Illustrated in a child-appealing style by Grace Lin, this is a great intro for children ages 5 and up, with lots more detail in the end pages about the foods, holidays, places, and traditions mentioned briefly in the text.

All About China: Stories Songs, Crafts and More for Kids, written by Allison “Aixin” Branscombe, illustrated by Lin Wang
published in 2014 by Tuttle Publishing

Part of the All About Asia series, this book’s title made me smile. Maybe “A Little About China” would be closer? Such a vast land, extremely diverse in its topography, climates, lifestyles, and ethnic minorities, is impossible to survey in one blast. Despite that, this is a great book, simply crammed with great information about China’s diversity, history, festivals, arts, belief systems, as well as details about home styles around China, chopstick etiquette, projects, recipes…cram jam, as I say.

One of the things I especially love about this book is its emphasis on contemporary China as differentiated from the older versions of Chinese lifestyles that can predominate our children’s literature. Fantastic resource for ages 5 and up.

Good Morning, China, written and illustrated by Hu Yong Yi
published in 2007 by Roaring Brook Press

It’s seven ‘o clock in the morning. The park is full of people engaged in their morning pursuits.

Cycling, badminton, tai chi, fan dancing. Serenity, community, and culture are beautifully displayed on individual pages, then brought together in one splendid final page which unfolds to reveal the entire park. A quiet, enchanting glimpse of one small corner of China, for ages 3 and up.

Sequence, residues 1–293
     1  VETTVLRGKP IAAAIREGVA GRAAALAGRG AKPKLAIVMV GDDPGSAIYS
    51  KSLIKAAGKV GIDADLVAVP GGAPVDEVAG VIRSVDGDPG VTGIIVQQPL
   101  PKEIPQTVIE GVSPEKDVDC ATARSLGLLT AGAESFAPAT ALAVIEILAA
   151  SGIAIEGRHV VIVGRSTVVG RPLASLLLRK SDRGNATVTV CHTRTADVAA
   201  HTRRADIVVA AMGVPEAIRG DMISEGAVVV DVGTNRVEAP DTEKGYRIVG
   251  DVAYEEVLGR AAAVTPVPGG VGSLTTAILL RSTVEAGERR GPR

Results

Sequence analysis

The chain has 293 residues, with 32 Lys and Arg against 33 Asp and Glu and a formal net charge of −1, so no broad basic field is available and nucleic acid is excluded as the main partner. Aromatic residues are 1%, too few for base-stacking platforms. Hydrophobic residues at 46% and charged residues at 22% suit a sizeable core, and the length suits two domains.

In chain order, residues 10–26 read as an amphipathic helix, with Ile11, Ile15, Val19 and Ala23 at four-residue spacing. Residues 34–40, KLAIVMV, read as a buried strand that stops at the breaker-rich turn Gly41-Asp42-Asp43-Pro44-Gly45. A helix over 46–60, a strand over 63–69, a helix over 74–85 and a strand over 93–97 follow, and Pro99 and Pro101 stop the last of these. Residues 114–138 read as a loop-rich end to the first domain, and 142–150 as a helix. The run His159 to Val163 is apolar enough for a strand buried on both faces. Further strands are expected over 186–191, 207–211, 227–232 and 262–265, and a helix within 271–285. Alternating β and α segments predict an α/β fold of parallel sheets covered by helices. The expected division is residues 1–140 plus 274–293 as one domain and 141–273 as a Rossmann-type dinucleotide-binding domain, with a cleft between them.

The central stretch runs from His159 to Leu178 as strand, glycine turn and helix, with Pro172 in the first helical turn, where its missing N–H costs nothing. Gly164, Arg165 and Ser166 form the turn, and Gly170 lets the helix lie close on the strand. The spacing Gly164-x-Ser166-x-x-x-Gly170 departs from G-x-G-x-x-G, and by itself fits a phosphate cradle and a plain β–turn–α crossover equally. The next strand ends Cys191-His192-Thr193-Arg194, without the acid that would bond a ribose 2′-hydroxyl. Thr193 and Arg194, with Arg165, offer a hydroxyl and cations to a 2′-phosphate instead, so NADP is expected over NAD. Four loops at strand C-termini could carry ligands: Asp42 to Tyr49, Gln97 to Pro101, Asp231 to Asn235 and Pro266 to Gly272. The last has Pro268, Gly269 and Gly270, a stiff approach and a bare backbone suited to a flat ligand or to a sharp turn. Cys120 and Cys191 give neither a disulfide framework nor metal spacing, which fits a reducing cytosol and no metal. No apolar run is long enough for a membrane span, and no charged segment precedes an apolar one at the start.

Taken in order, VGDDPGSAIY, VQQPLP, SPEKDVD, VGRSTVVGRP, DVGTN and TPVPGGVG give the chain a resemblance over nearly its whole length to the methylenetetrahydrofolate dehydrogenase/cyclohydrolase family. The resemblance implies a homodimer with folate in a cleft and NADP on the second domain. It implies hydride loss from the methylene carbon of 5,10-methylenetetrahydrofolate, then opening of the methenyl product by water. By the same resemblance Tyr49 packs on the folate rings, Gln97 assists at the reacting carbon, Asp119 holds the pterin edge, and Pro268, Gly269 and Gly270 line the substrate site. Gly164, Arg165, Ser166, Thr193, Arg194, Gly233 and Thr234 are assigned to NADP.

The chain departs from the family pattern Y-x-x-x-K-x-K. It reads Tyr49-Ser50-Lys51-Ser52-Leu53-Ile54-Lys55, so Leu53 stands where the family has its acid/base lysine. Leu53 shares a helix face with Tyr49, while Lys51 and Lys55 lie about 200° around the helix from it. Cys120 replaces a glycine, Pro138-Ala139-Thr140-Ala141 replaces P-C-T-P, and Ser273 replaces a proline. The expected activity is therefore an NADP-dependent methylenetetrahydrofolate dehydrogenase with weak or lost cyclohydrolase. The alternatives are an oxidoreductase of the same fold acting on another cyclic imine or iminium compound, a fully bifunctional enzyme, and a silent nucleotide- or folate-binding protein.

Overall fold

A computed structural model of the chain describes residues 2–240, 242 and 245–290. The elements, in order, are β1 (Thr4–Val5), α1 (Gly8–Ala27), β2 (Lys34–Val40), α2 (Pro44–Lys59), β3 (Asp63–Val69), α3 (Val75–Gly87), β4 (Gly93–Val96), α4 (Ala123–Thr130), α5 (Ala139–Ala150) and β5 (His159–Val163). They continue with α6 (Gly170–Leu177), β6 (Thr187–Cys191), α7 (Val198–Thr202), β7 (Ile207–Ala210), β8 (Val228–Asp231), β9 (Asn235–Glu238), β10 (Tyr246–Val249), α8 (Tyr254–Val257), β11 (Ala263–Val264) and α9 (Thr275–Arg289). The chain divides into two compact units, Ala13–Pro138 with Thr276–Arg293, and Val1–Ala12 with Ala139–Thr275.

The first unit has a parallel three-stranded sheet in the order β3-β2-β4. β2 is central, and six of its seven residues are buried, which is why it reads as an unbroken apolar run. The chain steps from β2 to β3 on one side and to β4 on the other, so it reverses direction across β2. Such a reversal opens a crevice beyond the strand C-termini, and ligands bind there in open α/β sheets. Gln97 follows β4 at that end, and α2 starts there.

Mei-Mei Loves the Morning, written by Margaret Holloway Tsubakiyama, illustrated by Cornelius Van Wright and Ying-Hwa Hu
published in 1999 by Albert Whitman & Company

Another morning in China, this time accompanying little Mei-Mei and her dear grandpa. Starting with rice porridge and pickled vegetables for breakfast, the two of them ride on Grandpa’s bike along busy streets, through the round moon gate, to the park. 

Their friends are waiting for them, as well as for the special companion they’ve brought along. Who and what could it be? Join these two for a sweet Chinese morning. Handsome oil paintings reveal lots more about their lives. Ages 3 and up. 

Lost and Found: Adèle and Simon in China, written and illustrated by Barbara McClintock
published in 2016 by Farrar Straus Giroux

The impeccable, delicate illustration work of Barbara McClintock captivates us on every page of this grand tour of China, dogging the footsteps of brother and sister, Adéle and Simon. These two are off on a huge adventure with Uncle Sidney, dropping in on a silk farm, canalside town, the Forbidden City, Great Wall, a Mongolian ger, desert caravan, Buddhist monastery, bamboo forest, and more.